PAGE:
Having remained largely focused on its traditional products and processes, today’s IM industry does not appear particularly well positioned for what lies ahead as digitization shifts the focus toward customer expectations and the customer experience.

The status quo no longer works. And while businesses recognize the current trends driving the need to reshape the industry, many are clearly struggling to intelligently address their immediate need to innovate and transform.

Strategic innovation will need to integrate technology, people and processes in order to deliver transformational benefits and revolutionary advancements that include:

— A vastly improved customer experience and greater customer retention overall as the competition to keep current customers and attract new ones grows fierce amid the proliferation of new players, products and services. Innovating to improve the customer experience via D&A, for example, will enable firms to better identify, respond to and eventually predict customer expectations and behaviors in areas such as service and products, delivery channels and around-the-clock access to information and accounts

— Enhanced control of the flow of funds outside of the organization, including enhanced authentication and identity management to create a secure and trusted online experience for customers

— Productivity and efficiency gains via automation of lower-value repetitive tasks.

— Improved oversight, quality and consistency of data to drive smarter decision-making and precise reporting for clients, investors and business partners, plus improved reporting to regulators amid increased scrutiny. Innovation in this area also positions firms possessing highly accurate and reliable D&A capabilities to eventually automate their decision- making in revolutionary new ways as regulations evolve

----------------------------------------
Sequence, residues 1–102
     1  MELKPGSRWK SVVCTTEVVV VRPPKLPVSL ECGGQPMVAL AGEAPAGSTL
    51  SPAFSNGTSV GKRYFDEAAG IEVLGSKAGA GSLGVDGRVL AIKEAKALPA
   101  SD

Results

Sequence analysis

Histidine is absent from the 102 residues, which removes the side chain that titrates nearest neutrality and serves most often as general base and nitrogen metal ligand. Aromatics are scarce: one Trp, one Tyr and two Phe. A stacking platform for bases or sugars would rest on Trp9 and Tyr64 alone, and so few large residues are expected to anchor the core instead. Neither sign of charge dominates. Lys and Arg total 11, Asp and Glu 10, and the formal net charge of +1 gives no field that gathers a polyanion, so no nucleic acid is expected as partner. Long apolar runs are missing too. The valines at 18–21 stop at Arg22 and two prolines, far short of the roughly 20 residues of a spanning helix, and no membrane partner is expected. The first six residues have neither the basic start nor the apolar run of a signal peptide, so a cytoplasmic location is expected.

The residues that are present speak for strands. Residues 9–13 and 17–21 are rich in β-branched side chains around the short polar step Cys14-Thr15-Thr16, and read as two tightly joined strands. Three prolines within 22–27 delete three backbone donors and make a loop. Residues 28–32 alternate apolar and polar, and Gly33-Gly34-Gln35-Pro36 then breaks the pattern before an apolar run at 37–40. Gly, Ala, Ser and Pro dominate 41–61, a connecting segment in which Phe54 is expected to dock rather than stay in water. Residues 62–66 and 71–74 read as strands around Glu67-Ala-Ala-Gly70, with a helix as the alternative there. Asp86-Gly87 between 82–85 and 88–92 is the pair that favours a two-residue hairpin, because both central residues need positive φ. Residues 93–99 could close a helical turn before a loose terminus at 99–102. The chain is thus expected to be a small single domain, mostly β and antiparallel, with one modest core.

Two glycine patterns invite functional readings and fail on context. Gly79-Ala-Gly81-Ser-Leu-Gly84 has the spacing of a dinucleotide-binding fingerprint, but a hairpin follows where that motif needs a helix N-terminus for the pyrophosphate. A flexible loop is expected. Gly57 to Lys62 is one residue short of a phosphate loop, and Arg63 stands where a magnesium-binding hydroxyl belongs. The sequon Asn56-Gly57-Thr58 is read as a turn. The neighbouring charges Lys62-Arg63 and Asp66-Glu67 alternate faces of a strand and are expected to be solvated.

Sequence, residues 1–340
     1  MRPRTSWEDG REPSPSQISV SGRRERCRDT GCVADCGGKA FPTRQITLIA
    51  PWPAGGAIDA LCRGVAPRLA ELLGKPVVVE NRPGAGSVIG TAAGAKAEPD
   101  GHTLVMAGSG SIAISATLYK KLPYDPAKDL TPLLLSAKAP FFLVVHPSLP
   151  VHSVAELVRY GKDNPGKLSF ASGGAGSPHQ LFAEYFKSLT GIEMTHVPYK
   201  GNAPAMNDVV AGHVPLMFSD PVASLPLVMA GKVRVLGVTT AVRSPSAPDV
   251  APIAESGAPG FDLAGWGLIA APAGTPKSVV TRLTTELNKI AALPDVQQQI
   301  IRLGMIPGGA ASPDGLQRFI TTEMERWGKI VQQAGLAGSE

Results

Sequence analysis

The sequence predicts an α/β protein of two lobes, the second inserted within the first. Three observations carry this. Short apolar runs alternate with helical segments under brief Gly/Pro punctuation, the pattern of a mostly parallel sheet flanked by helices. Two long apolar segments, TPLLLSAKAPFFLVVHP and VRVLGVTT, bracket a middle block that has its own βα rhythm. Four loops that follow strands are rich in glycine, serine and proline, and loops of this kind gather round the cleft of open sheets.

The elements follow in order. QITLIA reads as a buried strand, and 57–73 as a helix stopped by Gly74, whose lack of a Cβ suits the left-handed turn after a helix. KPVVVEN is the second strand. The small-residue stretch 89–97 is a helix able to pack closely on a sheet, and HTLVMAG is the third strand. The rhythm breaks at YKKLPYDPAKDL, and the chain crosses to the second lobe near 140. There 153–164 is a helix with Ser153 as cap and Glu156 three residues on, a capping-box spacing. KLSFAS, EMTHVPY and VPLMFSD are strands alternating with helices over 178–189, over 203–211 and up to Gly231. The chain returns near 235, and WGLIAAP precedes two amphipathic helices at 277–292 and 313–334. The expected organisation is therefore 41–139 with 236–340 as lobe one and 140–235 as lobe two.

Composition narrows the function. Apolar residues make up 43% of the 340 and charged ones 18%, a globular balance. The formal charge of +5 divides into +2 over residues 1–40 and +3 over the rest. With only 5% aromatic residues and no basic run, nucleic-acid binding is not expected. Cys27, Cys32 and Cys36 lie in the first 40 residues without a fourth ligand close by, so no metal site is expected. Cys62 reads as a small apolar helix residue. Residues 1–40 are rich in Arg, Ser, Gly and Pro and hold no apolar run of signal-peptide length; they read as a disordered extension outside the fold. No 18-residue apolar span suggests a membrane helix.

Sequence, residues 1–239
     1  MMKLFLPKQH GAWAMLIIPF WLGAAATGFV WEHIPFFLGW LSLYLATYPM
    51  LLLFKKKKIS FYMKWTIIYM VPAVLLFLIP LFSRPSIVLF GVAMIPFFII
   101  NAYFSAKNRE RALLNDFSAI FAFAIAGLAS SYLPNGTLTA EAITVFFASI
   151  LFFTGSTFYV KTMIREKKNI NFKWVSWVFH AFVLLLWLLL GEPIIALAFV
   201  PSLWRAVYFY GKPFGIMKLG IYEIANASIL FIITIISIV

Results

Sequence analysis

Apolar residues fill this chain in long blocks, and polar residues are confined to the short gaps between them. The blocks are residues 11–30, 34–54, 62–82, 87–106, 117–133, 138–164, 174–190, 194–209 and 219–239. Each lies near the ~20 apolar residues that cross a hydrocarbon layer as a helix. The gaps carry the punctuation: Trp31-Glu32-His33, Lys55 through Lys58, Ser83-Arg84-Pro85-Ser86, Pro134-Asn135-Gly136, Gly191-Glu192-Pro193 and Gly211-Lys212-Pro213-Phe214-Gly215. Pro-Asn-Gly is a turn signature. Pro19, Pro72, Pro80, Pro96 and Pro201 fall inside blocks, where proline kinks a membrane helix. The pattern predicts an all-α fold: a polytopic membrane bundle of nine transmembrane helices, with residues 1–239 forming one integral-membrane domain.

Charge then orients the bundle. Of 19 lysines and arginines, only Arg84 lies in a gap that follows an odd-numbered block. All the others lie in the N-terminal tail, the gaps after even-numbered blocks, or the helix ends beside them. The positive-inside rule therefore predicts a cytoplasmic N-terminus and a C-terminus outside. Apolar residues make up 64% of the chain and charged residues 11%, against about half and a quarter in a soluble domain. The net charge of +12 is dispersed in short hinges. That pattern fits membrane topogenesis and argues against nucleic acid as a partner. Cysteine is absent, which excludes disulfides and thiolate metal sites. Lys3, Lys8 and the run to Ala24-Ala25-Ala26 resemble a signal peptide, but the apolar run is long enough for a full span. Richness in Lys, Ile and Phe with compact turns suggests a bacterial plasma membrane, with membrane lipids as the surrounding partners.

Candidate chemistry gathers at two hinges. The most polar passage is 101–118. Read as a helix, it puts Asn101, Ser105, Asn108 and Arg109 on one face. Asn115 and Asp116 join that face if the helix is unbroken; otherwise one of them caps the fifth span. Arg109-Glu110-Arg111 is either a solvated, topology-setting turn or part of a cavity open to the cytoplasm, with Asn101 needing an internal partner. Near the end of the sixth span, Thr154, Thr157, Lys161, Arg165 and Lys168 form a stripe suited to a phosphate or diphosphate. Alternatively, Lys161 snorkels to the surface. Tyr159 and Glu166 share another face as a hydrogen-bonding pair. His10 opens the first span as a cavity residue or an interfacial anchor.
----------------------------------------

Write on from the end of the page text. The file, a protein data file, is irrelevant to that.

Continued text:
— Eventual automation of data-based decision-making, via cognitive processes and artificial intelligence, in order to also enhance: operational efficiencies, service, deployment of talent, risk management and the ability to respond to customer needs and expectations

— Improved cyber security that provides a continuous understanding of the immediate cyber-attack/financial fraud threat environment, and the ability to respond quickly by matching the firm’s controlled operational environment to the current threat environment

Given the critical benefits that innovation is expected to deliver in terms of cost and operational efficiencies, customer experience, compliance, risk management and overall competitiveness, most CEOs should be saying to themselves today: ‘I can’t afford NOT to innovate.’

The ultimate threat for companies that are not boarding the innovation train now could be consolidation that’s already taking place in the industry: Companies that are acquiring will be the ones that are ahead of the change curve, and those being acquired will be the ones behind the change curve. There is clearly no time to lose in defining who the winners and losers will be in the race to innovate and transform.